Facebook announced on Wednesday that it will remove content that targets public officials who are “at risk” of self-harm, Forbes reported.
The Big Tech giant said the decision comes after feedback from “a large number of global stakeholders.”
“We will now remove coordinated efforts of mass harassment that target individuals at heightened risk of offline harm, for example victims of violent tragedies or government dissidents — even if the content on its own wouldn’t violate our policies. Objectionable content will be removed that we consider to be mass harassment of any person on personal surfaces. This includes direct messages, comments and posts on profiles and personal pages. We will require additional information or context to enforce this new policy.”
Facebook will also remove “Pages and Groups that work together to harass or silence people, for example a state-sponsored organization using closed private groups to coordinate mass posting on dissident profiles.”
Facebook has been criticized by celebrities like Kim Kardashian West and Sacha Baron Cohen have also spoken out about Facebook’s failure to stop hate speech, and boycotted Facebook last year with the hashtag #StopHateForProfit.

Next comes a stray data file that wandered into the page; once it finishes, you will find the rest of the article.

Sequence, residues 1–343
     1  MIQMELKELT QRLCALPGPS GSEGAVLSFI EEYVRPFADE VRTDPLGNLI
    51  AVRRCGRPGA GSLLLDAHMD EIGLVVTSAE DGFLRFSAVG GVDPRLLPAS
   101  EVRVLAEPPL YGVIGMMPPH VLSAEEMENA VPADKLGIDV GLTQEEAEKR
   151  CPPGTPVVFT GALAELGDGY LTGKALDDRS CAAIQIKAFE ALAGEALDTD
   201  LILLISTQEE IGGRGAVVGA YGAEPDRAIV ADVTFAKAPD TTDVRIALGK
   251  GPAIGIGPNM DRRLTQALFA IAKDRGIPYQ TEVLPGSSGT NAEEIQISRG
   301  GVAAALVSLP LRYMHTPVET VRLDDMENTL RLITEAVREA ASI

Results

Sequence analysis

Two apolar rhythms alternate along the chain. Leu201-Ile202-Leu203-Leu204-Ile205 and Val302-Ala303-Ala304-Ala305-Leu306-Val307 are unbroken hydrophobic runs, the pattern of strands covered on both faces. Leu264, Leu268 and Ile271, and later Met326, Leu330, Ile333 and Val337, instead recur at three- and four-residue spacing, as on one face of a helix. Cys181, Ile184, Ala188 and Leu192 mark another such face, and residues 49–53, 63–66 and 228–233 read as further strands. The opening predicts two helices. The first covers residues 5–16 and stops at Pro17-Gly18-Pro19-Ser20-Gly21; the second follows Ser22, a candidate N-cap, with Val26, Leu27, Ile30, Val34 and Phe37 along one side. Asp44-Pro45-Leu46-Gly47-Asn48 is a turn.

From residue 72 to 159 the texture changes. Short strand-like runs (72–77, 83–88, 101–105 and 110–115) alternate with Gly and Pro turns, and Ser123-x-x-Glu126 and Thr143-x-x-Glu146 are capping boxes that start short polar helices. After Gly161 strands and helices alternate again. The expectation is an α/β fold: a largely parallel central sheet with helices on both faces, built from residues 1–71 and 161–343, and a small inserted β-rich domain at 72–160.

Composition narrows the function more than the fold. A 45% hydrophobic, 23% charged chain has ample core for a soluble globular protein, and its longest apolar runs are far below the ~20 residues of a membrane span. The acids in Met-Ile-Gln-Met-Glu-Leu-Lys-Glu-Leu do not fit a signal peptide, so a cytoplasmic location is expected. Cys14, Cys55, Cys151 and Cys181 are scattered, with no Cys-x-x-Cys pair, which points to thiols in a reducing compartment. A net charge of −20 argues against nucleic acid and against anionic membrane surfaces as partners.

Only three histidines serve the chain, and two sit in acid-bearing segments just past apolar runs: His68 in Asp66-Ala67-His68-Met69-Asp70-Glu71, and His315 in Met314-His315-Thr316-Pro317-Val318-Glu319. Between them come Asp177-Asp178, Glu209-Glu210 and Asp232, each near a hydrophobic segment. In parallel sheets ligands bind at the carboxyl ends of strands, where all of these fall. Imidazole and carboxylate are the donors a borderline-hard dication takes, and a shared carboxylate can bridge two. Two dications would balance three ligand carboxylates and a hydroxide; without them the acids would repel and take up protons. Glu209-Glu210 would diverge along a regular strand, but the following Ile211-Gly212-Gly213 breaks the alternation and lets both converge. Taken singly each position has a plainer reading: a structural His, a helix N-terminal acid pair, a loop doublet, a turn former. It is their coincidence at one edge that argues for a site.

Climate change activist Greta Thunberg threatened to leave the platform in 2019 due to bullying and hate speech, which she said were “very upsetting.”
The platform will remove content that “sexualizes” or “degrades” politicians, celebrities, and journalists. The content’s parameters are unclear.
“Public figures — whether they’re politicians, journalists, celebrities or creators — use Facebook and Instagram to engage directly with their followers…Our bullying and harassment policy differentiates between public figures and private individuals to enable freedom of expression and legitimate public discourse around those in the public eye…Public figures shouldn’t be subjected to degrading or sexualized attacks.”
Facebook whistleblower Frances Haugen said the platform cares about money over people, and called for more government regulation to censor “misinformation.”
“Facebook, over and over again, has shown it chooses profit over safety,” Haugen said. This week, she will be testifying before Congress and hopes her testimony will encourage the government to establish regulations to regulate Facebook.
“No one at Facebook is malevolent,” she added. “But the incentives are misaligned, right? Facebook earns more money by consuming more content. Emotional responses are what attract people to engage with. And the more anger that they get exposed to, the more they interact and the more they consume.”
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